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Suppose I have such a struct:

struct Foo
{
  const int bar;
  const char baz;

  Foo& operator=(const Foo& other)
  {
    memcpy(this,&other,sizeof(Foo)); //How am I supposed to write this decently?
    return *this;
  }
}

I want all fields of Foo to be final, and I want the variables of type Foo to behave just like other primitive value types. Say, int, surely we can write stuff like this:

 int i = 0;
 i = 42;

 Foo foo = {007,'B'}
 foo = {42,'X'}

Yet for my poor Foo type, do I have to resort to means like memcpy to work around the type safety check? I know I could drop the const modifiers, mark the fields private and add some getters, but that's not the point. I just wanna know if there is a decent way to write the content of the = operator.

Thanks in advance!

~~~~~

Check out the following examples:

//If the = op is not implemented, this won't compile
Foo stat;
for(int i=0;i!=100;++i)
{
  stat = func(i);
  if(stat.bar == 0)...
}

//But weird thing is, if I declare the 'stat' inside the for block, it works just fine with gcc
for(int i=0;i!=100;++i)
{
  Foo stat = func(i); 
  //printf("%p\n",&stat); => same variable same address!!
  if(stat.bar == 0)...
}

Does that make any sense to you?

share|improve this question
2  
This makes no sense (and that's why you can't make it work). You want const an "all-const" type that is mutable? Make up your mind. And no, not even memcpy can do that. The end result is undefined behaviour. Get ready to see the compiler doing things you didn't ask it to. –  R. Martinho Fernandes Sep 11 '12 at 13:17
    
@R.MartinhoFernandes - Why couldn't I use memcpy? If it has a definite size and a definite address, why couldn't I write stuff into the mem chuck occupied by it? –  Need4Steed Sep 11 '12 at 14:24
    
Isn't it obvious? Because the members are const! –  R. Martinho Fernandes Sep 11 '12 at 14:25

3 Answers 3

up vote 0 down vote accepted

There's no pretty way, and I agree with other answers that you should reconsider the design.

But if you still think it's the least evil for your problem, a couple more options:

Foo& operator=(const Foo& other)
{
    const_cast<int&>(bar) = other.bar;
    const_cast<char&>(baz) = other.baz;
    return *this;
}

Or

#include <memory>

// Foo must never be used as a base class!
// If your compiler supports the c++11 final feature:
struct Foo final
{ /*...*/ };

Foo& operator=(const Foo& other)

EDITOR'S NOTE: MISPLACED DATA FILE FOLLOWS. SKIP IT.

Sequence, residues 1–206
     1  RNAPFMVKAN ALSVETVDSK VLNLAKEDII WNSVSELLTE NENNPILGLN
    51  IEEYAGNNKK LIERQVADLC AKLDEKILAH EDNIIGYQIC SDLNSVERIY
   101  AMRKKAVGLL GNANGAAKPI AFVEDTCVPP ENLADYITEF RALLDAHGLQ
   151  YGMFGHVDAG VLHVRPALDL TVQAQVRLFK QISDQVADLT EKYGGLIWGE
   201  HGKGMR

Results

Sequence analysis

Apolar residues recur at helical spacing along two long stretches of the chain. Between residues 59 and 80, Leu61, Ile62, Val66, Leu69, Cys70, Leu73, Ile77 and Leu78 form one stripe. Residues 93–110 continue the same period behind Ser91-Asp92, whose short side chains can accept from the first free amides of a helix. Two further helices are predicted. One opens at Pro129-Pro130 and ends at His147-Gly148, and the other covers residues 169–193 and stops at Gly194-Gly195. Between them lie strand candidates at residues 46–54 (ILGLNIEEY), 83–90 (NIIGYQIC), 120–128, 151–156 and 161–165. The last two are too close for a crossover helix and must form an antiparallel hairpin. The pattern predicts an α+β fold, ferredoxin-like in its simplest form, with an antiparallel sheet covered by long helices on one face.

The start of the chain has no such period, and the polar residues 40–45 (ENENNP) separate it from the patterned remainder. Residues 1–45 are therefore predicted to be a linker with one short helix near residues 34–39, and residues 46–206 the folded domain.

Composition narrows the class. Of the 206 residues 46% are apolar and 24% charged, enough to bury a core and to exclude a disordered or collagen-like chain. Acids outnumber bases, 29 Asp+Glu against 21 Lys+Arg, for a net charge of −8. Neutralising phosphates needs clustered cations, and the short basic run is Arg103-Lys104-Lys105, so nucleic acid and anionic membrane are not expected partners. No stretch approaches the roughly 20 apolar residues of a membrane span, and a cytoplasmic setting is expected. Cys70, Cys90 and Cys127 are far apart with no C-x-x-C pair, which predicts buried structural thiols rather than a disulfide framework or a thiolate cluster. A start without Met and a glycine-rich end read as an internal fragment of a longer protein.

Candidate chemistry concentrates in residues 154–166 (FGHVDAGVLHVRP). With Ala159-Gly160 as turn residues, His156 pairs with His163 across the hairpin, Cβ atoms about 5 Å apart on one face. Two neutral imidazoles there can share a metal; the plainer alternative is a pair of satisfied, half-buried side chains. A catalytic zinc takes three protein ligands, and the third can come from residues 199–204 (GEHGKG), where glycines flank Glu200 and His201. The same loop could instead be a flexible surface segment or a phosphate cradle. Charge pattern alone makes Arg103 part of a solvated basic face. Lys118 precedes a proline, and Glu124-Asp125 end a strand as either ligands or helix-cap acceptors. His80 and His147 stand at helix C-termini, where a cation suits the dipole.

{
    if (this != &other) {
        this->~Foo();
        new(this) Foo(other);
    }
    return *this;
}
share|improve this answer
1  
The second one leads to undefined behavior if the actual object has a type that is derived from Foo. Don't ever do this! It was a serious mistake for the standard to include this code in its discussion of object lifetime, because it gives people the impression that this is something that's actually useful. –  Pete Becker Sep 11 '12 at 13:24
    
@PeteBecker: Good point. Added comment. –  aschepler Sep 11 '12 at 13:30
    
@aschepler The second solution looks very cool, no cast, no manual memory manipulation, I just like it. Thanks a lot ;) –  Need4Steed Sep 11 '12 at 14:04
2  
The first one leads to undefined behaviour in all cases. –  R. Martinho Fernandes Sep 11 '12 at 14:26
1  
The second also leads to undefined behaviour if the constructor throws. Both options are dangerous. If you need to modify something, don't declare it const in the first place. –  Mike Seymour Sep 11 '12 at 17:11

In C++, copy assignment simply makes no sense for an all-const type. Don’t implement it.

Do use all-const types where it makes sense but be aware that this type will not behave like int because int in C++ simply isn’t const unless you declare it so.

share|improve this answer
1  
Or make the object at the use-site const. –  Xeo Sep 11 '12 at 13:15
    
@Xeo Yes – but only if it makes sense to have either const or non-const objects in the first place. It’s entirely conceivable that objects of a given type never change. –  Konrad Rudolph Sep 11 '12 at 13:19

The decent way to write it in this case is:

Chunk& operator=(const Foo& other) = delete;

(or as private pre-C++11)

If all your members are const, why on earth would you want to change them?

share|improve this answer
    
Decent perhaps, but unnecessary. It's implicitly deleted by the presence of const members. –  Mike Seymour Sep 11 '12 at 14:02

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